When Colin Kaepernick took a knee in Week One of the National Football League’s season last fall, he might have never expected to start such an upheaval. Some call it chaos, others call it a plan for action. Whatever views people have, it’s spread from the NFL to other sports leagues, and now, the White House.
The story we all know is that Kaepernick was protesting the oppression he saw as perceived injustice and mistreatment of minorities. It arguably cost him his job, and President Donald Trump spun it away from opposing police brutality to dissing the flag and the military.
Kaepernick is not the first athlete to use his sport as a platform to voice his political or social view. Track star Jesse Owens did the same by simply winning a gold medal at the 1936 Berlin Olympics. Tommie Smith and John Carlos did it with their fist salute at the 1968 Mexico City Olympics.
The former 49er’s quarterback is the latest. But while some fans support him, others argue it should be done differently so it doesn’t involve the sport.
Now here we are, with countless players taking a knee, but the once noble cause appears to have become an almost violent catfight against Trump, who may be still a little bitter over an anti-trust suit he filed with the now-defunct United States Football League three decades ago.
Trump responded to the protests with the only way he knows how: aprofanity-filled tirade at a rally last Thursday in Alabama to the sound of thunderous applause.
The NFL’s response was solidarity. Teams like the Jacksonville Jaguars, Baltimore Ravens, Houston Texans and New England Patriots, were just a few of the 32 teams that protested. Patriots’ owner Robert Kraft, who contributed significantly to the 45th president’s election campaign, was last Sunday locking arms and taking a knee before the playing of the U.S. national anthem.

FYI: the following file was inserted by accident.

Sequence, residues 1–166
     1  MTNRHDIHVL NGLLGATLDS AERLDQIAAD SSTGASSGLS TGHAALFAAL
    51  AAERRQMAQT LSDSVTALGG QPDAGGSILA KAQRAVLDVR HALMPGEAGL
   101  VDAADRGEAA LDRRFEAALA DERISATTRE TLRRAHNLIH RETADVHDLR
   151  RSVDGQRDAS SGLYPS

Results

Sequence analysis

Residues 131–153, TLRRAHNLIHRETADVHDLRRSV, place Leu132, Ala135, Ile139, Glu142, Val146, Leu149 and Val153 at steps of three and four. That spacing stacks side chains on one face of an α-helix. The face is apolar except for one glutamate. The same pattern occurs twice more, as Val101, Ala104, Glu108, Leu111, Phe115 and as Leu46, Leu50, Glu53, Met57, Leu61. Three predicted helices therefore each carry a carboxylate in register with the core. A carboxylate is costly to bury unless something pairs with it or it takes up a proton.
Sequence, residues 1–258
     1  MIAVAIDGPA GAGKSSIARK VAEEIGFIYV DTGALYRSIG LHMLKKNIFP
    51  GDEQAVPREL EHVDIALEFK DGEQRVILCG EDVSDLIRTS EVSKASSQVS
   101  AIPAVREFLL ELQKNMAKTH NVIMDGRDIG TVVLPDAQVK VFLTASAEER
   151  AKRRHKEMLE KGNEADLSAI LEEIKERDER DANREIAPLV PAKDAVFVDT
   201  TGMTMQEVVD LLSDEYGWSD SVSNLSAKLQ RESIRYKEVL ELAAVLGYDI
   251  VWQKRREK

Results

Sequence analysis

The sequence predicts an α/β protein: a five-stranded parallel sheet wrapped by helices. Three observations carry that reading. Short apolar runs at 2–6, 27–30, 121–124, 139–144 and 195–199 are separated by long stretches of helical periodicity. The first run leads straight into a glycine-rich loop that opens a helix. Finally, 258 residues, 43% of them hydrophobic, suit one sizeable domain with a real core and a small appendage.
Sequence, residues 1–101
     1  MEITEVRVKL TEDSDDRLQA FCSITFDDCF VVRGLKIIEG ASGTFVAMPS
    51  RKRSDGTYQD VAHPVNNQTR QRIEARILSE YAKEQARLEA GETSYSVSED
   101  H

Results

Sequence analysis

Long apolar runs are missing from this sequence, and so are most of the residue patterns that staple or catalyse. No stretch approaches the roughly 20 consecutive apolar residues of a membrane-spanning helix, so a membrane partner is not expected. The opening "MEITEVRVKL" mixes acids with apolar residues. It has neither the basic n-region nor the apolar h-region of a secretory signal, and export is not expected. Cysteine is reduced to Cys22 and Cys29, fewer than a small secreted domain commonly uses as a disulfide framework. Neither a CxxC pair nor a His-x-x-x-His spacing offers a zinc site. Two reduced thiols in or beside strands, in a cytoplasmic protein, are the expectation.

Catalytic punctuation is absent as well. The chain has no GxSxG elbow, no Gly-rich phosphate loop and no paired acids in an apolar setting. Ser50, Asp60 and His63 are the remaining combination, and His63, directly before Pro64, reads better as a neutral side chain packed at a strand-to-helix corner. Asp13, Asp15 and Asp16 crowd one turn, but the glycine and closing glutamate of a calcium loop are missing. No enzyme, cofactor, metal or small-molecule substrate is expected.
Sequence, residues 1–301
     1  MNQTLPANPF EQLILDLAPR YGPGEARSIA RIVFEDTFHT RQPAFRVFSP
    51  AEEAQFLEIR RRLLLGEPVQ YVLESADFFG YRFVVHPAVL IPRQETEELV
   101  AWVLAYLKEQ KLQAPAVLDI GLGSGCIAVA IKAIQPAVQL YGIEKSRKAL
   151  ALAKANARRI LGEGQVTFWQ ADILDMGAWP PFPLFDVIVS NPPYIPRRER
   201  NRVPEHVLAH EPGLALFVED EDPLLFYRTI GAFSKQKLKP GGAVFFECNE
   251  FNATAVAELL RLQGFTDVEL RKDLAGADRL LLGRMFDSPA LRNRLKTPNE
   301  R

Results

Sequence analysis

What did Trump respond with?
“Fire them all or change your rules.”
Even the NBA is now involved. Point guard Stephen Curry from last year’s NBA champions Golden State Warriors, said he wouldn’t attend the traditional championship visit to the White House.
Trump then gleefully withdrew the invitation.
Cleveland Cavaliers superstar LeBron James entered the fray by calling the president “u bum” on Twitter.
U bum @StephenCurry30 already said he ain’t going! So therefore ain’t no invite. Going to White House was a great honor until you showed up!
— LeBron James (@KingJames) September 23, 2017
We’ve also seen Oakland Athletics catcher Bruce Maxwell and a Peewee football team in St. Louis, Mo., take a knee during The Star Spangled Banner.
San Jose Sharks winger Joel Ward said he’s willing to protest as well along with Philadelphia Flyers winger Wayne Simmonds.
How and why did we get here?
The amount of money athletes are paid is astronomical. The NFL’s revenue sharing program ensures each team gets a cut of almost $230 million this season.
Yet, in lieu of these demonstrations, the NFL’s ratings are down 15 per cent from a year ago and it could continue.
Athletes have a profile to showcase and it’s important that they do. However, there could be several more positive ways do show solidarity with the oppressed and poor that takes us beyond taking a knee, by walking out into the community. On top of his social activism, Kaepernick is trying to do that by donating to numerous charities. According to his websites, he has donated to one of many charities such as Coalition of the Homeless, War on Children, and Justice League NYC. He pledged one million dollars to those various charities, and is nearing to his pledge.
This is a positive step towards rebuilding communities, influencing legislatures and integrating into neighbourhoods to begin the much needed bridge building that could span the American divide.
There can be only one Rosa Parks, only one Martin Luther King Jr. Kaepernick is, in part, homage to those who came before him by daring to peacefully sit at lunch counters, calmly drink from water fountains, quietly sit on a bus and walking together across a bridge that spanned Selma, Ala.; they are those who invested much more than taking a symbolic knee.
All this “chaos” could, and should, be the first step in that direction.